Sephora closes US stores for diversity training after racist incident

FILE PHOTO: People enter a Sephora store in Times Square

NEW YORK (Reuters) – LVMH-owned cosmetics chain Sephora said it will close all of its stores, distribution centers and corporate offices in the U.S. for one hour on Wednesday to conduct diversity training for employees.

Black R&B singer SZA said in April that she was racially profiled at a Sephora store in Calabasas, California.

“We have been notified of an incident at our Calabasas store and in addition to contacting SZA directly, we are gathering additional information about the incident to take the appropriate next steps,” Sephora said in an emailed statement to Reuters. “We take complaints like this very seriously, racial profiling will not be tolerated at Sephora.”

SZA said a Sephora employee, whom she identified as “Sandy,” called security to make sure the singer wasn’t stealing from the store. “We had a long conversation. Have a blessed day Sandy,” SZA said in a Twitter post.

“While it is true that SZA’s experience occurred before the launch of the ‘We Belong to Something Beautiful’ campaign, the campaign was not the result of this tweet,” Sephora said in a statement on Monday, adding that the campaign was already underway be the works for a year.

The plan to close stores and other offices for the hour-long “inclusivity workshop” with its 16,000 employees has been in development for over six months, Sephora said.

Louis Vuitton owner LVMH is based in Paris.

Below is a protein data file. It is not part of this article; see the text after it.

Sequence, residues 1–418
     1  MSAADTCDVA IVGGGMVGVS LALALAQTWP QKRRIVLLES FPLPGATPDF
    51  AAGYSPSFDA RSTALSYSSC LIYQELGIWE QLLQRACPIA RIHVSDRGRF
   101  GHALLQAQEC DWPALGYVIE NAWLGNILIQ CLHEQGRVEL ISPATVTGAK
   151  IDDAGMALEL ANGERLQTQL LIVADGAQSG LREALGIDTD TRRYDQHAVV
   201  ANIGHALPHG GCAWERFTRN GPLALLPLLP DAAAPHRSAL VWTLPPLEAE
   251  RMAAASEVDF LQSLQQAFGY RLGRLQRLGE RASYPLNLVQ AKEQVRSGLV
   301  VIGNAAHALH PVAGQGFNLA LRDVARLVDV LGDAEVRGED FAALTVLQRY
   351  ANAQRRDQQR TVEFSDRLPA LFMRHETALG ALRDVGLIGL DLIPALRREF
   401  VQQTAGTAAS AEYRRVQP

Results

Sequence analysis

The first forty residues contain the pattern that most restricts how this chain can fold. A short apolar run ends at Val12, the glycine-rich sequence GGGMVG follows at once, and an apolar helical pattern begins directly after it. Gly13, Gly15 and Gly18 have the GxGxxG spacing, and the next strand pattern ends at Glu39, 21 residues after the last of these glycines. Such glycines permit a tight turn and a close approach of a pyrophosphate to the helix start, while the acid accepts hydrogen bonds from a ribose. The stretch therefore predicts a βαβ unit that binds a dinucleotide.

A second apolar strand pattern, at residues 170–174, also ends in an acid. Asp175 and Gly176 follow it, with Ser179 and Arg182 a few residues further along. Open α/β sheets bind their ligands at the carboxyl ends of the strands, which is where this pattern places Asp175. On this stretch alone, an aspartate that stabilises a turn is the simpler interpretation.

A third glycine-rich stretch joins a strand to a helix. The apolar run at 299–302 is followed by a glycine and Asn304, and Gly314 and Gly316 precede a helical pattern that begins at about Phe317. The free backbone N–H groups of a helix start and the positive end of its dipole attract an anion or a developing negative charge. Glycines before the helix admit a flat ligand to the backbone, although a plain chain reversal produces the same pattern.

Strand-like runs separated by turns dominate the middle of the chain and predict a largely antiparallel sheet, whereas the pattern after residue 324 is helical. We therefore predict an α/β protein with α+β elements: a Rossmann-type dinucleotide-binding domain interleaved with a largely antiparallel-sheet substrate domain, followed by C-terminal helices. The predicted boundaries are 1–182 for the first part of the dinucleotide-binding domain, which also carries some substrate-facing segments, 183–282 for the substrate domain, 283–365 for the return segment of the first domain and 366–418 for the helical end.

SZA was quoted in an interview with US digital publisher Refinery29 last year as saying she previously worked in the skincare department at a Sephora store.

“You are part of the Sephora family and we are committed to making every member of our community feel welcome and included in our stores,” Sephora said in a response to the singer’s post at the time.

SZA is a Grammy nominee who also collaborated with Kendrick Lamar on the song “All the Stars” for the blockbuster film “Black Panther.”

Following SZA’s tweet following the incident, Google reviews for the Calabasas store skyrocketed, with many users criticizing Sephora over the incident.

Barbadian singer Rihanna unveiled her new fashion brand with LVMH last month, a rare move by the French group to create a label from scratch as it capitalizes on rising demand for celebrity collaborations in the luxury world.

Sephora’s workshops come about a year after Starbucks closed 8,000 stores across the United States for anti-bias training after a Philadelphia cafe manager’s call to police led to the arrest of two black men who were targeting a friend waited.

(Reporting by Devika Krishna Kumar in New York; Editing by Will Dunham)